Omega-3 fatty acids are one of the most studied nutrients on the planet, and for good reason: Nearly every part of the body can benefit from these fatty acids.
The American Heart Association (AHA), in fact, recommends eating at least two seafood meals a week for its omega-3 benefit of reducing the risk of cardiovascular disease.
However, a study published in the journal Prostaglandins, Leukotrienes, and Essential Fatty Acids said that these servings aren’t enough. According to researchers from Penn State University, consuming at last three fish servings and taking an EPA+DHA supplement can increase the likelihood of getting the cardioprotective benefit of the fatty acid.
In the study, the team used a tool called the Omega-3 Index test to measure omega-3 levels in the blood. The scientists noted that an index score between eight to 12 percent is “desirable,” as the range is associated with improved heart and brain health. The team then conducted two cross-sectional studies to determine how much fish or supplement a person should consume to reach this range. In the first study, the researchers asked 28 participants on their fish and omega-3 intake using both a single fish-intake question and triple-pass 24-hour dietary recall (24HR) survey. The 24HR is an interview designed to capture detailed information about foods and beverages – including dietary supplements – that a respondent has consumed in the past 24 hours. For the second study, they used de-identified data – or information that was processed to remove traceable information for a dataset – from around 3,500 adults who tested themselves for their omega-3 indexes and answered questions about their fish intake and supplement use.
The findings revealed that the participants who reported eating an average of three fish meals a week had an average omega-3 index of 8.1 percent. In contrast, those who reported no fish intake and omega-3 supplementation had an index score of about 4.1 percent. This percentage reflects the average diet of most Americans and is considered deficient. According to the researchers, this meant that the current AHA recommendation is unlikely to produce the cardioprotective benefits associated with taking omega-3.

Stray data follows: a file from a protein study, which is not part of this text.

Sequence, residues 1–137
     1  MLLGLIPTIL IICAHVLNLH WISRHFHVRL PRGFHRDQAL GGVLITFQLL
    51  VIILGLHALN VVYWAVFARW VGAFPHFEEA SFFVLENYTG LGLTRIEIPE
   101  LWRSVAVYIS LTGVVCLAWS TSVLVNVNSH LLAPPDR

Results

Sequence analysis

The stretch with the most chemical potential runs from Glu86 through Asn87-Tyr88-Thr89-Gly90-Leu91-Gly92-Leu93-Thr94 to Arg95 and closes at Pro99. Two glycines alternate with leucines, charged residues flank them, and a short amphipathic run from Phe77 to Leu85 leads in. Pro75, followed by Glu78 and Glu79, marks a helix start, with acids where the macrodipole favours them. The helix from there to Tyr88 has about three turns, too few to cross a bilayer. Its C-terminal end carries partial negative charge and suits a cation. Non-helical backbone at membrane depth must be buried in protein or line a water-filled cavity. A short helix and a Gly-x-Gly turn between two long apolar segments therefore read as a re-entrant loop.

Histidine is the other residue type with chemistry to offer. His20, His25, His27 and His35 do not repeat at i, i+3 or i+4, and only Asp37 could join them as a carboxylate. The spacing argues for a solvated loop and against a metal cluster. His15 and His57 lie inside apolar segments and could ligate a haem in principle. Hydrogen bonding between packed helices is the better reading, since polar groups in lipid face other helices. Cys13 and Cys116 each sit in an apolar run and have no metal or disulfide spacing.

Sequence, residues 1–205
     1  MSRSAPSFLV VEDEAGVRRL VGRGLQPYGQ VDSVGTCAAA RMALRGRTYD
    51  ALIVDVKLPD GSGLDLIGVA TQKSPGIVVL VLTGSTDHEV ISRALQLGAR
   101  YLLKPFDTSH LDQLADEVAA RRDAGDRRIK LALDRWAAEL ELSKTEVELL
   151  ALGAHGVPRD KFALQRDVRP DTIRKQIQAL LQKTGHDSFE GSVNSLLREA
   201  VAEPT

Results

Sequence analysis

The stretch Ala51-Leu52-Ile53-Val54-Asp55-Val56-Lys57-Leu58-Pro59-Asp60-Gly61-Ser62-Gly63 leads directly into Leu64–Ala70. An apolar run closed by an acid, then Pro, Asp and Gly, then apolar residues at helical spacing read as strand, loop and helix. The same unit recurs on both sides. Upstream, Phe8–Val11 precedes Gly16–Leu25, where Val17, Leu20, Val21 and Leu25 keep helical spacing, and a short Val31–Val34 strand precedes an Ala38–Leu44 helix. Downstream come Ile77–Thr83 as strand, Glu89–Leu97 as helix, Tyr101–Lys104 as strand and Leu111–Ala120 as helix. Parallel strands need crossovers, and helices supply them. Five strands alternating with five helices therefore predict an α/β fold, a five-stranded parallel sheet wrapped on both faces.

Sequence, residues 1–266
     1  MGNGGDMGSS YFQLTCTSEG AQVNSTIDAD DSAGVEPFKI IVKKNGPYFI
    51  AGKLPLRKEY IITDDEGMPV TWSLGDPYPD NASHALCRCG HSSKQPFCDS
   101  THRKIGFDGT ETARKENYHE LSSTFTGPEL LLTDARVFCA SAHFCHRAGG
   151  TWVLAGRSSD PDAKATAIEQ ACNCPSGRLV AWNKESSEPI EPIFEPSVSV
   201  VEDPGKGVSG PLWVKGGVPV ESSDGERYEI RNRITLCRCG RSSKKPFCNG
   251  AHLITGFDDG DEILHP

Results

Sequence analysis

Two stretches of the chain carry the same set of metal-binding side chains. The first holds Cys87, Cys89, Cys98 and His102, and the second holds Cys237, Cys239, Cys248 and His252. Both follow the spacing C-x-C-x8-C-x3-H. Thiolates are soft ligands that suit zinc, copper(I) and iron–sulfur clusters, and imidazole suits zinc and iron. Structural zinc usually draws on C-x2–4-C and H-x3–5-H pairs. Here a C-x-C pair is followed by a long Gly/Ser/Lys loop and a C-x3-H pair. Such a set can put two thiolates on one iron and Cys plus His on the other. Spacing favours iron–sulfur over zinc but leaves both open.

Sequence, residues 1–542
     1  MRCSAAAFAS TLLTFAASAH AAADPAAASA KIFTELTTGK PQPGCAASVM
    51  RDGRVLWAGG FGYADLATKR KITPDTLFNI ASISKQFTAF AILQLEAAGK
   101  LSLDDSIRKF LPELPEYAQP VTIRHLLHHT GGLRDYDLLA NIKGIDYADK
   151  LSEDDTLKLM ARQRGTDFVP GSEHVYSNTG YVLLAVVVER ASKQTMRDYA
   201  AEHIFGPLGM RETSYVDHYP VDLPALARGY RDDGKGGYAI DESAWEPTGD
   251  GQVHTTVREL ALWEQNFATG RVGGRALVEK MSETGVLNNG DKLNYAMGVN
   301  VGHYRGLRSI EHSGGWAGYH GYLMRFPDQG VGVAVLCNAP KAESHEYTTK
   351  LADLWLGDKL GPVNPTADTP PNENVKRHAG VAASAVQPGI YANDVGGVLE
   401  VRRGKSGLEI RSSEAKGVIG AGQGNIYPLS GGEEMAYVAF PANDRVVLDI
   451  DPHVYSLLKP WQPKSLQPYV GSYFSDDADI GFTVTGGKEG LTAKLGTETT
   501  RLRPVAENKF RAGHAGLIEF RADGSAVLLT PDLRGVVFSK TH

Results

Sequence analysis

Omega-3 fatty acids provide the heart with long-term benefits
Omega-3 fatty acids are linked to an array of health benefits. For instance, long-chain omega-3 fatty acids EPA (eicosapentaenoic acid) and DHA (docosahexaenoic acid) are beneficial to anyone, no matter the age. The two are associated with proper fetal development and healthy aging. They are also associated with the prevention of chronic diseases, chief of which is cardiovascular disease.
In their article that appeared in the journal Advances in Nutrition, researchers from the Albany College of Pharmacy and Health Sciences noted that EPA and DHA are linked to a decreased likelihood of cardiovascular disease. EPA supplementation, in particular, led to decreased plaque inflammation. The researchers proffered that decreased plaque inflammation reduced the risk of peripheral arterial disease, where plaque builds up on the arteries of the leg and can cause a complete blockage.
The researchers also reviewed earlier studies that investigated the therapeutic effect of EPA and DHA against biomarkers for cardiovascular disease. They found that EPA and DHA decreased the expression of genes involved in inflammatory and atherogenesis-related pathways. The two proteins were also linked to reduced levels of C-reactive protein, a hallmark of increased cardiovascular events.
These fatty acids don’t just do an excellent job of protecting a person from heart disease: Studies showed that consuming omega-3 fatty acids can still maintain heart health, even after a heart attack.
Learn more benefits from omega-3 fatty acids for your heart at Omega3.news.